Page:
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Money was full of uncertainty during Celes’ childhood.
When the money arrived, his family decided on the fly what to buy and what to forgo, a 29-year-old scientist – who uses an online pseudonym – told Insider. The bills often piled up.
By the time she graduated from college and started earning her own salary, Celes wasn’t sure which expenses to prioritize. She grew up food insecure and felt the need to always have food at home, she said, but lacked a sense of urgency to pay medical bills, for example.
Eventually, she sat down with her partner, someone “who’s learned the value of money,” and created her first budget. Celes recently shared the latest iteration of her. budget template on Reddit, which has an active and growing personal finance community. The post has over 10,000 upvotes – a sign of approval from other Reddit users.
A model designed “ for someone who knows nothing about money ”
While using a now defunct budgeting app called Level Money, Celes realized that what worked best for her was to enter bills and an ideal savings rate, then calculate how much she could spend each day – rather. that every month – while respecting these financial conditions. obligations.
“I’m not very good at focusing on [long-term expenses], in part because I have a mental illness and have ADHD and it’s hard to control things like impulse spending, “she said.” I’m not very good at prioritize decisions on the spot. So, in the mind of a person with ADHD, something that seems to be a priority or that feels urgent takes priority over something that is actually important. “
When the app was purchased by Capital One, Celes, a self-described numbers nerd, turned to Google Sheets to create a budget template from scratch.
She shared the first iteration of her spreadsheet on Reddit three years ago. There was no section in the budget for credit card payments or savings for large purchases, but as Celes developed her financial literacy she also improved the spreadsheet.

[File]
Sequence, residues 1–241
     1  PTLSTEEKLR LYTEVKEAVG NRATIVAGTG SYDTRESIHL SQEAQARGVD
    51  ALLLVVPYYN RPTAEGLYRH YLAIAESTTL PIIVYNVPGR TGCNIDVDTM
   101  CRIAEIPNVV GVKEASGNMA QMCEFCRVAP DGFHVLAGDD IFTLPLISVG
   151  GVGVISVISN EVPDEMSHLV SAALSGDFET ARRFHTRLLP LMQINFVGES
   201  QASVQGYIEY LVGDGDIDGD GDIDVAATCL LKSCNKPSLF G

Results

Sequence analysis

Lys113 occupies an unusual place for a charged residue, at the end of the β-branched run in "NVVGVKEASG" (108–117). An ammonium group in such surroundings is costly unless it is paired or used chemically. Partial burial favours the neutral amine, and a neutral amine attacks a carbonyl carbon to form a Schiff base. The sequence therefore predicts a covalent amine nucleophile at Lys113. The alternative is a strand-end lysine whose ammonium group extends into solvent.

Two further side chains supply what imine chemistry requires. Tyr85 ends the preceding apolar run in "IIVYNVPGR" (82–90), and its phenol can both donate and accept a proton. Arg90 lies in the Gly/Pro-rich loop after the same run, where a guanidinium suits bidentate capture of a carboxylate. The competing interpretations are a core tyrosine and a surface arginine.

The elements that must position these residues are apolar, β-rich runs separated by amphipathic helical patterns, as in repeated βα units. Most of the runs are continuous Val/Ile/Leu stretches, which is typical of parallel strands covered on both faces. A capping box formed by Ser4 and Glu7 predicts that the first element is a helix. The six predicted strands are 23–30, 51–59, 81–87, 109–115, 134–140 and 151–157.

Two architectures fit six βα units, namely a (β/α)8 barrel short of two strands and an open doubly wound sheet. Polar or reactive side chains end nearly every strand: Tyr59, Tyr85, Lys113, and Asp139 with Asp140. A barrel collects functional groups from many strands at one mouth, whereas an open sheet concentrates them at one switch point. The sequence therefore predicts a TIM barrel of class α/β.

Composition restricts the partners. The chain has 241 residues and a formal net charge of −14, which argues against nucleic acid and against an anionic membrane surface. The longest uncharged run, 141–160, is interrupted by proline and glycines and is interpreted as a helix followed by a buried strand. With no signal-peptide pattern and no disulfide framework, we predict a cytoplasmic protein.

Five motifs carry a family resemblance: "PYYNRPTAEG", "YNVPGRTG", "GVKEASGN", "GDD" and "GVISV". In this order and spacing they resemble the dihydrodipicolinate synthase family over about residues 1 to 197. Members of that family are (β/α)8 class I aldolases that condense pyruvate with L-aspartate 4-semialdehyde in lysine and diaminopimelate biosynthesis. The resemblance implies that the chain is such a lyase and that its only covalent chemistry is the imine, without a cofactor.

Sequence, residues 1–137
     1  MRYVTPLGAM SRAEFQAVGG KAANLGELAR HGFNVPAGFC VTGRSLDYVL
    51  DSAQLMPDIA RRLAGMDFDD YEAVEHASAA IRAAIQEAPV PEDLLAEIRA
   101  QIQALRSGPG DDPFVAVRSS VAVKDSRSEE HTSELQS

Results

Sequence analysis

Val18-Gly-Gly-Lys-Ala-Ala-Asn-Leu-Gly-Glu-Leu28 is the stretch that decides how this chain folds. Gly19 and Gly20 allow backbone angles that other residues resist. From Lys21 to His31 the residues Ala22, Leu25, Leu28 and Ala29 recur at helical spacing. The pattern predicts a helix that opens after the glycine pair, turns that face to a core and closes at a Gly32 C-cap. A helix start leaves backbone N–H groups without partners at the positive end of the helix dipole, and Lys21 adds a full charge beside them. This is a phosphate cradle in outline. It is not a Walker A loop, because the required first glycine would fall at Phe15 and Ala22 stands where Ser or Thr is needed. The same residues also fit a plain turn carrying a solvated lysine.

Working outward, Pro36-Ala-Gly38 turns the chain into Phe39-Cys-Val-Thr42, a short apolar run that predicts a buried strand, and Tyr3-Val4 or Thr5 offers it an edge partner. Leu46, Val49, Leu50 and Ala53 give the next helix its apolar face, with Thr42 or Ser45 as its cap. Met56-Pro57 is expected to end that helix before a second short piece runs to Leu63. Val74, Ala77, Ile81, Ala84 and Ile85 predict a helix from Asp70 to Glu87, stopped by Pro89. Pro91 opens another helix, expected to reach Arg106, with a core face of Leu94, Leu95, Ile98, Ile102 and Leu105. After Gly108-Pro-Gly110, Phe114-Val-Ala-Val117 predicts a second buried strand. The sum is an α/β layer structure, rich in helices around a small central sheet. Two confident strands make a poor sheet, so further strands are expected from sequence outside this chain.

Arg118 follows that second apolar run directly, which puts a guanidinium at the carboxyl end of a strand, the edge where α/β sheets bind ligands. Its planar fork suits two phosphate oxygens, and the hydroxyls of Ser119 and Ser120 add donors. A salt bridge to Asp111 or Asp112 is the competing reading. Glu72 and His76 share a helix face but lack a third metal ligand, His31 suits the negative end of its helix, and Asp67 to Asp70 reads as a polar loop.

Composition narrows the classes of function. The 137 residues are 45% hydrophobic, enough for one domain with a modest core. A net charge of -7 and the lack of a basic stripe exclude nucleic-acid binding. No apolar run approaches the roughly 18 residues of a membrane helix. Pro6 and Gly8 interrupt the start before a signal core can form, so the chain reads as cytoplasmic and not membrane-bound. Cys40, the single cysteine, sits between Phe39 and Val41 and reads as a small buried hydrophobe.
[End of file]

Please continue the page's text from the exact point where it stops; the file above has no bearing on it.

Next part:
“One of the things I really wanted to focus on when I was doing this was [making] it’s for someone who didn’t know anything about money, ”she said.
“I kind of realized that I needed to be more responsible in the way I worked on the spreadsheet and adding things to it and making sure to keep that original goal of keeping it simple, but also taking the time to ‘help people to be responsible. financial practices. “
Better budget leads to more savings and less anxiety
Savings are central to the current budget model, which Celes shared on Reddit channel r / personalfinance, a community of 14.6 million members, in May.
There are separate calculators for large purchases and regular savings, as well as a goal tracker to record savings progress and setbacks. At the very top of the worksheet: how much you have left to spend for the day, week, or month.
“I realized I wanted the savings to be kind of like an expense, so I added it in a weird way that it almost hid my savings from me. It was intentional,” Celes said. And it worked. Over the past four years, she has built a savings cushion of $ 10,000.
“We recently had emergencies and I was able to pay for everything comfortably without the fear of suddenly being left with nothing,” Celes said. “That kind of security and that feeling of security is something that I’ve never had before. And honestly, that’s the most significant thing to me.”
Her credit rating also improved and her spending anxiety decreased, she said. Others who found the spreadsheet through Reddit also made financial progress. People said it helped them get off their credit card debt, save for a home, and cultivate a healthier mindset when it comes to money.
“I don’t think I ever really thought that something as stupid as an Excel spreadsheet could change anyone’s life,” Celes said. “And I got to talk to you, I realized that it definitely changed my life, so I don’t know why it wouldn’t extend to other people.”